Turdus iliacus – COCH DAN-ADEN – Winter visitor and passage migrant. Not recorded in July and August
Mathew (1894) and Lockley et al. (1949) agreed that the Redwing was a common winter visitor and that cold weather brought great numbers to Pembrokeshire.
Redwings normally arrive in Pembrokeshire from early October, the earliest record being of one at Skokholm on 11 September 1976. Thousands pour through until early December, flocks often stopping off to feed in the fields and on hedgerow berries. Some falls involve large groups, such as about 1,500 at Skokholm on 28 October 1964. Far greater numbers appear to pass at night judging by the frequency of calls overhead, and they have featured strongly at lighthouse attractions at the Smalls, South Bishop and Strumble Head. They have been noted departing out to sea towards Ireland in the early mornings, and one ringed at Skokholm in October 1964 and recovered in France in December the same year illustrates through passage to the south. Icelandic Redwings T. i. coburni, which are longer winged and darker than the Eurasian race T. i. iliacus (Svennson 1992), have been identified in the hand at Skokholm.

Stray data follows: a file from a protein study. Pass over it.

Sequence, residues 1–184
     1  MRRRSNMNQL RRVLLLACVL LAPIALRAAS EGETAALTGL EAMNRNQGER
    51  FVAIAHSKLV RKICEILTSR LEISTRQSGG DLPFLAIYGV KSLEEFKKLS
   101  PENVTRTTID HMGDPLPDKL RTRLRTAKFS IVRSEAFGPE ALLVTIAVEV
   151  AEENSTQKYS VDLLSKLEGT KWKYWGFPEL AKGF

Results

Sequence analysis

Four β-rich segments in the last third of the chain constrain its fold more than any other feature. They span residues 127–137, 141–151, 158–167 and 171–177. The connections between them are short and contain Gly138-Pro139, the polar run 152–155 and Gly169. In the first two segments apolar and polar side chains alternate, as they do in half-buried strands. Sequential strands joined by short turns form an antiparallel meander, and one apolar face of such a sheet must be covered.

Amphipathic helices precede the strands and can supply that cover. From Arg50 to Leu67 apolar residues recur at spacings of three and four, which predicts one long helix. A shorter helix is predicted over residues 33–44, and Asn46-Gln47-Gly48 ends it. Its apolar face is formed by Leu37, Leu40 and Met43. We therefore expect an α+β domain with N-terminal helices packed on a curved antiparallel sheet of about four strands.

The number wintering varies with the weather and the berry crop. Severe weather to the east brings large influxes, many thousands of birds pouring into the coastal region. These immigrants may quickly retreat following a thaw only to return if the weather turns cold again. When cold weather actually grips Pembrokeshire many die, Lockley et al. recording thousands perishing in such circumstances. This scale of mortality has not been recorded since, although 245 were found dead at Skomer in the arctic winter of 1962 (Harris 1962) and many died at Stackpole in 1985, some weighing as little as 50 grams, compared with a normal weight of over 70 grams. They largely vacated Pembrokeshire in the winter of 1986 when, uncharacteristically, several weeks of frost occurred.
There is a distinct return passage from late February to early April, when Redwings are again heard passing at night and seen at the lighthouses. Most have departed by mid-April, but stragglers have occurred until 6 May, and singles have been noted at Skokholm on 13 June 1939 and 18 June 1979.
HARRIS, M.P. 1962. Weights from five hundred birds found dead on Skomer Island in January 1962. British Birds 55: 97-103
SVENSSON , L. 1992 (fourth edition). Identification guide to European passerines. Stockholm, Svensson.